'I always believed.'
'I kept on believing and dreaming I could get back.'
Tennis legend Roger Federer while hailing his record breaking eighth Wimbledon triumph as one of the most magical moments of his illustrious career, revealed the secret of his success following his return to the circuit after his knee surgery last year.
'If you keep believing, you can go far in your life,' he stressed.
The third-seeded Swiss superstar outclassed Marin Cilic of Croatia 6-3, 6-1, 6-4 in his 11th final at the All England Club that lasted one hour and 37 minutes on the Centre Court on Sunday, July 16, to clinch his 19th Grand Slam title.
Federer was in tears as he waved at his wife Mirka and his four children before the trophy presentation.
'Holding the trophy now, after not dropping a set in the tournament, it's magical really. I can't believe it yet. It's too much,' Federer said.
It was the first time that Federer won the Wimbledon title without dropping a set.
The 35-year-old's previous Wimbledon win came five years ago, in 2012. He lost to Novak Djokovic in both the 2014 and 2015 finals.
'It's disbelief I can achieve such heights. I wasn't sure I would ever be here in another final after last year,' he said.
'I had some tough ones in the finals, losing two against Novak. But I always believed.'
'I kept on believing and dreaming I could get back,' Federer said.
'Here am I today with the eighth. It's fantastic, if you keep believing, you can go far in your life,' he added.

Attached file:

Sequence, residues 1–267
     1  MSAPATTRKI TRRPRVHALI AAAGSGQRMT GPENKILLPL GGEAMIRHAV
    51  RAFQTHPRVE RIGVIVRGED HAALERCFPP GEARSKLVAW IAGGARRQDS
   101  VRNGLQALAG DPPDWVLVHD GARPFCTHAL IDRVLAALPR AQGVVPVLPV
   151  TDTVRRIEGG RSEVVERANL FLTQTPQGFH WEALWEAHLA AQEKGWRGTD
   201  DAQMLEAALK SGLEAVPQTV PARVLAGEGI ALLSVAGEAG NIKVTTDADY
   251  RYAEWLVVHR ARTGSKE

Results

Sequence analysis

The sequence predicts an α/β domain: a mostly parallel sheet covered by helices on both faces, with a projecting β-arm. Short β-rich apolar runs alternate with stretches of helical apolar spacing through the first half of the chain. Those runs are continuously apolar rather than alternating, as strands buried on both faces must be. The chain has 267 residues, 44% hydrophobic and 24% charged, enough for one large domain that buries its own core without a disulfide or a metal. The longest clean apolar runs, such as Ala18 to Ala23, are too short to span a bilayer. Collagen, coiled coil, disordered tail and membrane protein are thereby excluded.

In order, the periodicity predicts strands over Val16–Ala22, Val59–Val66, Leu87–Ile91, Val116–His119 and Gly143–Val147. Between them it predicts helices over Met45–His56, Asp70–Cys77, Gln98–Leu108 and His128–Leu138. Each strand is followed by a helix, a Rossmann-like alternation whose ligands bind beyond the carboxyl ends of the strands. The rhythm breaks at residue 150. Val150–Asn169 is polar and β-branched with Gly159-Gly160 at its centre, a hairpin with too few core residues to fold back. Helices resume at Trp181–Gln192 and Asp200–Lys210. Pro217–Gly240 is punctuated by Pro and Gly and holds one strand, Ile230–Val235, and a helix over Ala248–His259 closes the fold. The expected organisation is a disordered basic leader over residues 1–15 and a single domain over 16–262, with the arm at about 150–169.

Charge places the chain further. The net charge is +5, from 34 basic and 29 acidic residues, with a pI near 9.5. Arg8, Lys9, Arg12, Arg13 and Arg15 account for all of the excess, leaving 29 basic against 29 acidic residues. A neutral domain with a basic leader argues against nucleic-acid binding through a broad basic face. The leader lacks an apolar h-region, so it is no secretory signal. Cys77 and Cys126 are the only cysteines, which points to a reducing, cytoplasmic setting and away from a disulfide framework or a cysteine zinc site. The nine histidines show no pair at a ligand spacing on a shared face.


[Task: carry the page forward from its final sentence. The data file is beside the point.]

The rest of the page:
'I had an amazing journey here,' he said. 'I played the best tennis of my life..'
'I'm definitely hoping I will come back here one more time,' Federer, who will turn 36 on August 8, added.
His first Wimbledon title came in 2003, and he won the next four titles after that.
The victory makes Federer the oldest man to win at the All England Club in the Open era, which began in 1968.
He has now moved clear of seven-time Wimbledon champions William Renshaw and Pete Sampras.
With Federer's fifth crown of the year, he rises to No 3 -- his highest rankings position since August 2016.
His career title count now stands at 93, third on the all-time men's list, behind Jimmy Connors (109) and Ivan Lendl (94) and ahead of John McEnroe (77) and Rafael Nadal (73).
Photograph: Julian Finney/Getty Images
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Video: Kind courtesy Wimbledon.com/Facebook